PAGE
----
Fed Action Gets an Unexpected Endorsement From India
When the United States Federal Reserve announced last week that it would buy $600 billion in Treasury bonds to help bolster the economy, it quickly came under attack from Germany, Brazil and China, which said America was trying to devalue the dollar to the detriment of other nations’ exports.
On Monday, the Fed’s plansearned a hearty endorsement from at least one foreign trade partner — India.
“A strong, robust, fast-growing United States is in the interests of the world,” said Prime Minister Manmohan Singh. “And therefore, anything that would stimulate the underlying growth and policies of entrepreneurship in the United States would help the cause of global prosperity.”
Mr. Singh, an economist by training, made his comments during a joint news conference here with President Barack Obama. The prime minister’s support could help the United States deflect criticism of Washington’s economic policies at the upcoming Group of 20 meeting in Seoullater this week, which both Mr. Obama and Mr. Singh will attend.
President Obama, perhaps less surprisingly, also voiced support for the Fed policy in his first public comment on the action.
“The worst thing that could happen to the world economy — not just ours, but the entire world’s economy — is if we end up being stuck with no growth or very limited growth,” Mr. Obama said. “I think that’s the Fed’s concern and that’s my concern, as well.”
The two leaders’ comments came on the third day of a 10-day Asia swing for President Obama — a journey the White House is characterizing as an economic mission. China, Germany, Brazil and other nations with big surpluses in exports and their current accounts — a broad measure of foreign trade and financial dealings — tend to see the Fed’s planned bond purchases as flooding the market with dollars. That cheapens the American currency, critics say, and makes other countries exports less price competitive.
The Fed’s action, by lowering American interest rates, can also cause money to flood into other countriesas investors seek higher returns — which can threaten to overheat those countries’ economies.
But in the news conference here, Mr. Obama countered with a not-so veiled criticism of China and other countries with large trade and current account surpluses. He said the world needed a broad rebalancing.
“We can’t continue to sustain a situation in which some countries are maintaining massive surpluses, others massive deficits and there never is the kind of adjustment with respect to currency that would lead to a more balanced growth pattern,” Mr. Obama said.
At the G-20 meeting, the president intends to press other countries to embrace a non-biding target to limit their current account surpluses and deficits to no more than 4 percent, according to an administration official. The administration is also expected to press the International Monetary Fund to take a greater role in monitoring trade patterns and intervening on exchange rate disputes.
With United States unemployment stuck at 9.6 percent, some economists are arguing that the American economy needs an additional spur. But because the Fed’s action might lower the value of the dollar , is has led to criticism that the United States government — which has long complained about China’s currency devaluation — is acting hypocritically.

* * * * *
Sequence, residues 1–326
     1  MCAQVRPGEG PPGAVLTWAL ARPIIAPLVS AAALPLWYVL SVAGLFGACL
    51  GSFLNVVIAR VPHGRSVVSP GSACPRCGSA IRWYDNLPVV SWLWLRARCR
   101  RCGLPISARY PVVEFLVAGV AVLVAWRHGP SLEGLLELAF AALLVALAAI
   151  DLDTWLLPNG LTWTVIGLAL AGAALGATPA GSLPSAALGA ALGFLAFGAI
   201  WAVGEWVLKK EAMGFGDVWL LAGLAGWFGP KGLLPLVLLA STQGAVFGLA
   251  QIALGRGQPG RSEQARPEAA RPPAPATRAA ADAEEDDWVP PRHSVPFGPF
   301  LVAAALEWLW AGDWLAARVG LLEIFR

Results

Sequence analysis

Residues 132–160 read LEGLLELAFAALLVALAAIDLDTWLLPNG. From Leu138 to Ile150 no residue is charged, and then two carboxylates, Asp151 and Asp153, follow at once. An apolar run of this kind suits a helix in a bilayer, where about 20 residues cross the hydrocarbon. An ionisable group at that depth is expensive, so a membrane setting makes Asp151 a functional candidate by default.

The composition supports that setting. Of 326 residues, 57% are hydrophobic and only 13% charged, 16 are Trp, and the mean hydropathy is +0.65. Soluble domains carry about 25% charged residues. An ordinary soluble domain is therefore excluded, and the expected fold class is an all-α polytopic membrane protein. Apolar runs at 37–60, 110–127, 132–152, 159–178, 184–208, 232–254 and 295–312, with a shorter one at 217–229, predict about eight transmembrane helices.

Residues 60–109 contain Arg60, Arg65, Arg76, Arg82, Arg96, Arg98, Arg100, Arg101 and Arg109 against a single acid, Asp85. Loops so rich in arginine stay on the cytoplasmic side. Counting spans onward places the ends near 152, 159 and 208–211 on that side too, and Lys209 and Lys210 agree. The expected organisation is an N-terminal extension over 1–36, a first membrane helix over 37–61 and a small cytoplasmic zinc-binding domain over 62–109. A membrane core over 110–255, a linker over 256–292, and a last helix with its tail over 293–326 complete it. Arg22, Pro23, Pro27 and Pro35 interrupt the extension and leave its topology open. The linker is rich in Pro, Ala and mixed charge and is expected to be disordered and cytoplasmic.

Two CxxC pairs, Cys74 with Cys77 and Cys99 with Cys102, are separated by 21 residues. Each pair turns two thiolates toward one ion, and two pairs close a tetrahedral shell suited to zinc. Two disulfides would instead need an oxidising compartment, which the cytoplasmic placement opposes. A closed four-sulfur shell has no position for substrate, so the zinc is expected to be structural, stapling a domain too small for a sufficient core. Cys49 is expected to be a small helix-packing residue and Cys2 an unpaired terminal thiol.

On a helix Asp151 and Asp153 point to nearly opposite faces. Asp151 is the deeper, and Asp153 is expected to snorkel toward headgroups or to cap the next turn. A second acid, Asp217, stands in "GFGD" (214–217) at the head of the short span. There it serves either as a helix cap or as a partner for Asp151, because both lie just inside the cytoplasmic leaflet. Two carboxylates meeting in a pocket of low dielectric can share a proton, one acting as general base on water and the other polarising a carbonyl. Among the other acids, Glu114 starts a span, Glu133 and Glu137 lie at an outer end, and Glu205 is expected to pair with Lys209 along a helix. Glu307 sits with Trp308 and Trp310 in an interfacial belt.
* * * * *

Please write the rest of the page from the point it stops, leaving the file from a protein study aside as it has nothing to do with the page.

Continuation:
Mr. Obama and Mr. Singh made their remarks in response to a question about comments made last week by the finance minister of Germany, who in a recent interview with Der Spiegel called the Fed’s decision “undermining the credibility of U.S. financial policy.”
The minister, Wolfgang Schäuble, went on to say, “It doesn’t add up when the Americans accuse the Chinese of currency manipulation and then, with the help of their central bank’s printing presses, artificially lower the value of the dollar.”
Privately, American officials say they were miffed by Mr. Schäuble’s comments, saying it was a breach of protocol for the foreign minister of one country to criticize the central banker of another.
Still, there was more criticism from finance ministries on Monday. In Beijing, the vice finance minister, Zhu Guangyao, told reporters on Monday that America “did not recognize its responsibility to stabilize global markets and did not think about the impact of excessive liquidity on emerging markets.”
Mr. Singh appears to have taken a different tack by supporting Mr. Obama and the Fed in part because India is not as dependent on exports as China, Germany and Brazil. India’s currency, the rupee , has also appreciated less in relation to the dollar than others like the Brazilian real .
“Of all the various countries in the G-20, the one that is least dependent on export-led growth is probably India,” said Suman Bery, director general of the National Council of Applied Economic Research in New Delhi. “India has more to gain by reactivation of the U.S. economy than it has to lose from a depreciation of the U.S. dollar.”
Furthermore, India, unlike other developing nations like Brazil and Thailand, has generally welcomed foreign capital that has flooded into emerging markets in search of higher-yielding assets. India needs foreign investment to help fund its large current account deficit — more than 3 percent of its gross domestic product. Foreign money pushed up the stock market here to a new record high last week and it has driven up the rupee nearly 6 percent since August.